International Perspective on Local Issues
Kenneth R. Ken Plum
A recent privately-funded study tour to Stuttgart, Germany sponsored by the Northern Virginia Regional Commission provided some interesting international perspectives on issues faced in our region of the world. Several observations were immediately apparent: The use of rail as a transportation alternative is pervasive. Travel by rail from the airport at Frankfort to Stuttgart was swift at more than 130 mph, more luxurious than first class air flight, and on time! Cross-country and cross-continent travel is encouraged by high speed trains that run on time and that feature clean interiors with luxurious and spacious seating for relaxing and convenient tables for ease of working in transit.
Train travel was facilitated in the city by a fare collection system at the stations that permitted easy use of credit cards. Paper tickets were validated on trains by passengers inserting their tickets into a small device that cancelled the tickets. Electronic signs at the stations provided minute by minute updates on the arrival time of trains. Train lines served all the major city centers and extended from the city into population centers and into areas that were under development. The conversion of the former U.S. Army base at Scharnhauser Park to housing for more than 20,000 people already has rail service in place.
In the cities and throughout the country walking and biking are widely used transportation alternatives. Major streets in Stuttgart have been closed and pedestrianized. A golden statue of Mercury on a high column dominates a city plaza not unlike Reston Town Center. The plaza fills with people eating strudel and other German favorites in cafes while enjoying roving jugglers, acrobats, and musicians.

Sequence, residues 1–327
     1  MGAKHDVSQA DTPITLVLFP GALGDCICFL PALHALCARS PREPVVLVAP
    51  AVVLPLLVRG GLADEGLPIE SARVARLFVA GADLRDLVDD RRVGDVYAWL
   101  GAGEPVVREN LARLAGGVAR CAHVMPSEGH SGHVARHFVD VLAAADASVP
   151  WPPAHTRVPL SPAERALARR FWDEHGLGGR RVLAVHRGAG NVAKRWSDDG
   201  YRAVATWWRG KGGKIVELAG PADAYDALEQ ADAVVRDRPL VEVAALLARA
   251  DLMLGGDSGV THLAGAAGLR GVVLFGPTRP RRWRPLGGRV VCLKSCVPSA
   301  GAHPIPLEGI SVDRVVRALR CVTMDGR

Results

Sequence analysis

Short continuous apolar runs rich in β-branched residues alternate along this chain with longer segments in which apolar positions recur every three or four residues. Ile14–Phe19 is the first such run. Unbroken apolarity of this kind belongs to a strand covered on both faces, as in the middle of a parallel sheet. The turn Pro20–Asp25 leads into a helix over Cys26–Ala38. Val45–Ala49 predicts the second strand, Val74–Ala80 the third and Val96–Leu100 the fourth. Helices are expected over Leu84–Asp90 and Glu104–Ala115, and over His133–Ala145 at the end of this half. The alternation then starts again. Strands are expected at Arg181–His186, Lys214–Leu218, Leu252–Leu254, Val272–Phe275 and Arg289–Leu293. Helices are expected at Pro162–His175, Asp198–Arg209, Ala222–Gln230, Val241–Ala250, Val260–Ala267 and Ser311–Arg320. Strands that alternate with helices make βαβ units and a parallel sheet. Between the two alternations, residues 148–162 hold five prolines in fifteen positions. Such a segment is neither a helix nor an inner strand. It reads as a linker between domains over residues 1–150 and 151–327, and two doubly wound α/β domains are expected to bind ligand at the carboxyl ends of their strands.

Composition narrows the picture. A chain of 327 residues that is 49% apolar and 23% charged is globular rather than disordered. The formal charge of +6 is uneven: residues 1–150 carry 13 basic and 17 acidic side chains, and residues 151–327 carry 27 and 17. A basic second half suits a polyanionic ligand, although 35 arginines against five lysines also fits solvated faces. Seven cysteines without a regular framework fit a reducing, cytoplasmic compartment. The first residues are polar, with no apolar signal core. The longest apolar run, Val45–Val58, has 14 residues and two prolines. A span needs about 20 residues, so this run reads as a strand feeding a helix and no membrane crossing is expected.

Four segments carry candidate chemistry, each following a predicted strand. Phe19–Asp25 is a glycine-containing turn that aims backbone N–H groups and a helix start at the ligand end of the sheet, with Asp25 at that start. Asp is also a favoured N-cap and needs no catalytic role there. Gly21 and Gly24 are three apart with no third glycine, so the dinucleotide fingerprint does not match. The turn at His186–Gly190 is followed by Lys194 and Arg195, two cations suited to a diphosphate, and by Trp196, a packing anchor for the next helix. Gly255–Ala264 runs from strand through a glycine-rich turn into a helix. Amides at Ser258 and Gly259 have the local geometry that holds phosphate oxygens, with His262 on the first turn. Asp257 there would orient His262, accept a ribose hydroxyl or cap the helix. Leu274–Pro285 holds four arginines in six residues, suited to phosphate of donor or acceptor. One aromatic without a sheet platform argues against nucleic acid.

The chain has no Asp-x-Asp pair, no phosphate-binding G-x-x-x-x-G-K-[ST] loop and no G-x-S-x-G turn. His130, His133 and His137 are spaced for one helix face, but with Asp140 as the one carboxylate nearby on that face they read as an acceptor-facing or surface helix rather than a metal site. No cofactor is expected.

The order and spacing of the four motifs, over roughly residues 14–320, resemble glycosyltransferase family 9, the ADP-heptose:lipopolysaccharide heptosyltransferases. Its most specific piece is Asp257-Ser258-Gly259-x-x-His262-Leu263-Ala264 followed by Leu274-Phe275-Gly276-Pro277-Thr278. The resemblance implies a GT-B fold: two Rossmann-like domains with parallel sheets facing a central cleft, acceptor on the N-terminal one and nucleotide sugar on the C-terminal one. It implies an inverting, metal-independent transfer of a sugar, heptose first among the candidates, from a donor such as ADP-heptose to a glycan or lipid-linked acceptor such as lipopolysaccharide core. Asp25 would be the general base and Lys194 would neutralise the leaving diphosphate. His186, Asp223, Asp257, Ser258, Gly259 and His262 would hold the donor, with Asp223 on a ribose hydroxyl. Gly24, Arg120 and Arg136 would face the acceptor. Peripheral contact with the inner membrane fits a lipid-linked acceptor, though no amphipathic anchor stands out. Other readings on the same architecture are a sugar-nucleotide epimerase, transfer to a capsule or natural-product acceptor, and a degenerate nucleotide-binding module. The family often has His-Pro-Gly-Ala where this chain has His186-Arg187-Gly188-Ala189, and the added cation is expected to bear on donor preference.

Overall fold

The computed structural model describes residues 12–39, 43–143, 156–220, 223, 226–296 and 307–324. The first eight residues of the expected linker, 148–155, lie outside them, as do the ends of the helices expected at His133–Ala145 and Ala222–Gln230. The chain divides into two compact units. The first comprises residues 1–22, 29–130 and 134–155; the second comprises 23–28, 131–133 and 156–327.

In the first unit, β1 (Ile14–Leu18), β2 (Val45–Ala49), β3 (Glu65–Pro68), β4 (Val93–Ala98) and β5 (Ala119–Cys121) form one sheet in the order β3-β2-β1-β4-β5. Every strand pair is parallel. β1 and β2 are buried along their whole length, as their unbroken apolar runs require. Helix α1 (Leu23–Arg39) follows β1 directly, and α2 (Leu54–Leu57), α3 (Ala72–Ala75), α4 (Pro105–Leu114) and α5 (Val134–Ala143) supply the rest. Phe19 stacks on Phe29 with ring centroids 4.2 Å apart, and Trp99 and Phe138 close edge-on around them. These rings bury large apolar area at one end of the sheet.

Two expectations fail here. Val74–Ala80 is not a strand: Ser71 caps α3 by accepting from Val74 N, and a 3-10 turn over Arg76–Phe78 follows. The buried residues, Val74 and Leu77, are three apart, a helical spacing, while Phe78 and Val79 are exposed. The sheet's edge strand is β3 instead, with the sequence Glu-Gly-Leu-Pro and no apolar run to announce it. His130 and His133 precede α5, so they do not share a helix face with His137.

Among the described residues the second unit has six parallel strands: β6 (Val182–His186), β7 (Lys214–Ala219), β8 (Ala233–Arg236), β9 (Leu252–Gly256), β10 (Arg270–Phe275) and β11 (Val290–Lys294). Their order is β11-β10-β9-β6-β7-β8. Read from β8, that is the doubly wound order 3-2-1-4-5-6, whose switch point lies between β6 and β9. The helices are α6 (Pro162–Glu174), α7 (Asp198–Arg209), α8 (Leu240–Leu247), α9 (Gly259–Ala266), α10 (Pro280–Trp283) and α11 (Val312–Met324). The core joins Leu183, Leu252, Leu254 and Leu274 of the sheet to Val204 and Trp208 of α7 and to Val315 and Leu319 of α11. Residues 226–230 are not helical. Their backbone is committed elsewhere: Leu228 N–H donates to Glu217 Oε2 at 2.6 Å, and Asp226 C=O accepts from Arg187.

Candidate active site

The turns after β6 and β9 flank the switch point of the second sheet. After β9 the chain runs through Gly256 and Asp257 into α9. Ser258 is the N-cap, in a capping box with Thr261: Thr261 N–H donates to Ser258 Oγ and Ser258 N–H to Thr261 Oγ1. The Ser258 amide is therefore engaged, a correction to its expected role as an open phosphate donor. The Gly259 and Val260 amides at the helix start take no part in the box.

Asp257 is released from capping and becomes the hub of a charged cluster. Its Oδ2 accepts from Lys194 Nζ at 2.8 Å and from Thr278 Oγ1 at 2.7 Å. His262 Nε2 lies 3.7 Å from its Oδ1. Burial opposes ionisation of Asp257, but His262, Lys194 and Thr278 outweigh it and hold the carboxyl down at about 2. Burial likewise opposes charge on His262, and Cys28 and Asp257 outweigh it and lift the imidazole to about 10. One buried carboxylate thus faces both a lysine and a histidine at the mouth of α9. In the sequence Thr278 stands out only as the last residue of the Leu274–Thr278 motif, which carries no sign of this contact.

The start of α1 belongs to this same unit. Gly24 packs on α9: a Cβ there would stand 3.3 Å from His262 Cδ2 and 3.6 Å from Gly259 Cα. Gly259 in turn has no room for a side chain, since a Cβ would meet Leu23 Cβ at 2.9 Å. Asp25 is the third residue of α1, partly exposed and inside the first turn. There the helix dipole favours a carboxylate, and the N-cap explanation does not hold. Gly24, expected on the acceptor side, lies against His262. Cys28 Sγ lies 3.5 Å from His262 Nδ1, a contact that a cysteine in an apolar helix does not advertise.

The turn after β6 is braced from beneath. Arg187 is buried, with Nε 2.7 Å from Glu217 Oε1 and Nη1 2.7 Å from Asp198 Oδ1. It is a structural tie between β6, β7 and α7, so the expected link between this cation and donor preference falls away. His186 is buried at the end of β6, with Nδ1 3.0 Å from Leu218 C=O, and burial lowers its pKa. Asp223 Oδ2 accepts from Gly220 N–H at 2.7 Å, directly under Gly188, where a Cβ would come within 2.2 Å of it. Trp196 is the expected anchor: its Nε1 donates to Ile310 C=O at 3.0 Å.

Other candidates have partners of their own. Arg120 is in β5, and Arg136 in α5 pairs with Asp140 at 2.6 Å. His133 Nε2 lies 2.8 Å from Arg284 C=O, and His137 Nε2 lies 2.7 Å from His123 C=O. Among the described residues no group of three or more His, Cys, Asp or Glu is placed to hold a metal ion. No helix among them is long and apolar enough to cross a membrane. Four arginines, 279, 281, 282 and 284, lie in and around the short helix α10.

Clearly evident on the autobahns is the absence of SUVs. In a week, fewer than a dozen were spotted. Mercedes Benz, viewed in America as purely a luxury car, markets a Smart Car, a subcompact that is limited in interior space but great for parking. More than one Smart Car was seen parked perpendicular to the curb when a small space was left in an area that otherwise was for parallel parking.
While there is clearly a commitment to invest in mass transit infrastructure, there is clearly a willingness on the part of users to pay for the operation of the system. Reportedly 85% of transit costs are recovered from the fare box. Interest in the use of mass transit is heightened by the high price of gasoline about $5 a gallon with more than $3 being taxes.
Many factors distinguish our country from Germany, but clearly there are lessons to be learned from a more receptive approach to mass transit, a willingness to invest in it, and the encouragement of its use. Next week I will look at a different approach to regional governance that offers lessons for us as well.